Happy Chanukkah!! Shlomo


    1. Rabbi Brant Rosen Post author

      Shlomo, “successful” and “justified” are two different things entirely. I never wrote that I believed Hamas’ approach was justified or “legitimate.” (It is notable, however, that according to international law, peoples have a right to resist military occupation – including armed resistance, but that’s a subject for another discussion.) My point was that our country turns a consistently blind eye to the brutality of the occupation (which includes Israel’s crushing of non-violent resistance) and blocks Palestinians’ attempts to make diplomatic gains. At the same time, the only time we actively engage with the conflict is when Palestinians take up arms. In the end, what kind of message do we think that sends them?

      Happy Hanukkah to you and yours as well!

      1. boris furman

        Hi Brant,
        Sometimes it’s good to be flabbergasted. It’s important for you to be aware of the messages you are actually sending your readers.
        I read your post and your subsequent comments very carefully. My comments reflected the conclusions that I drew from what you wrote.
        You wrote in your post, “So let’s be honest. Meshaal didn’t mince his words – but in the end it is actions that ultimately matter.”
        You also wrote in response to a comment “I would only say that Meshaal’s speech was not designed to cultivate a new spirit in his people but rather to maintain his political credibility and relevance with his constituency, which is what political leaders have to do. Propaganda wars may get loud and ugly at times, but at the end of the day, I don’t think it ultimately makes much of a difference who wins them. Again, as we both seem to agree, actions speak louder than words.”
        Both statements seem to say that inflammatory words don’t matter as long as no actions follow. You also quoted an Israeli writer who agreed with your take on the difference between what people say and what they do. I respectfully disagree with the premise that words are not important because politicians often don’t act upon them.. Harsh actions often do follow harsh words. Ask the parents of any young suicide bomber.

        You certainly did defend Meshaal’s speech from Hussein Ibish’ s “excoriation.”
        You mentioned Meshaal’s “noteworthy overtures to engage in a US led peace process.”
        Don’t you think those statements legitimize Meshaal just a little bit?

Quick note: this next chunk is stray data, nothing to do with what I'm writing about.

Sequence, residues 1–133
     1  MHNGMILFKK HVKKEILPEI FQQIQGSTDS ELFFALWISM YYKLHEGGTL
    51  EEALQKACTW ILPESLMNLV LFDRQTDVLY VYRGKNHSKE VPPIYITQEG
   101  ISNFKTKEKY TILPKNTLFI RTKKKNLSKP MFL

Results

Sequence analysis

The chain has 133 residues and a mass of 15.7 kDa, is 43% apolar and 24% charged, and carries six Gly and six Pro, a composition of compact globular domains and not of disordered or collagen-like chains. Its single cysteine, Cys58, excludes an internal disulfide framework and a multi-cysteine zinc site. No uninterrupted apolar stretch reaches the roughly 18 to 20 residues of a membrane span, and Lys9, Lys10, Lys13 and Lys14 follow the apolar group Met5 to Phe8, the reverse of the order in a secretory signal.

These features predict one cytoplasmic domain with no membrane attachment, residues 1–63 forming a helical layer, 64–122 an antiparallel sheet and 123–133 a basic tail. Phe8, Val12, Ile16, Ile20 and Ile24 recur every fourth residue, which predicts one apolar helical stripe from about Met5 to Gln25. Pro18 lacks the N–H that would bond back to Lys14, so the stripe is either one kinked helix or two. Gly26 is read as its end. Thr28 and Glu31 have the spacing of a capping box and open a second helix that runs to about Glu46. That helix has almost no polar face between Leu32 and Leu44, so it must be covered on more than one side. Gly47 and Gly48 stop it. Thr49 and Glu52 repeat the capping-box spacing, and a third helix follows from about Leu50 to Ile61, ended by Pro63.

I said the Palestinians need less Meshaals. I don’t think it’s a good idea to defend his speech or his actions. Do you disagree?

      2. Rabbi Brant Rosen Post author


        With respect, please don’t tell me what message I’m “actually” sending my readers. I obviously can’t control your emotional reactions to my words, but please don’t presume to tell me what I really mean.

        In answer to your final question, no I don’t think the Palestinians don’t need more Meshaals. But the point of my article was not to defend Meshaal’s message. (I wrote it was “incindiery,” which I believe makes it fairly clear what I personally thought of it.) The point of my post was not to discuss the merits or demerits of Meshaal or his speech, but rather to explain the context behind his words – and particular to point out the way US policy enables leaders like Meshaal.

        I did not set out to “legitimize” Meshaal’s speech – I argued that the US and Israel have actually been legitimizing Hamas themselves through their actions, which have sent the Palestinian people the message that armed resistance works much better than UN diplomacy or non-violent resistance. There is a huge difference between explaining a context and defending a message. I happen to believe that root causes matter in the world.

        I never wrote that “words do not matter as long as no actions follow.” Those are your words, not mine. I quoted Noam Sheizaf, who wrote that politicians’ words are a poor gauge of what they will eventually agree to. And I compared Meshaal’s recent speech to Netanyahu’s recent actions in the West Bank and argued that the latter action was much more damaging to the cause of peace.

        I hope this makes my “actual” message clearer for you.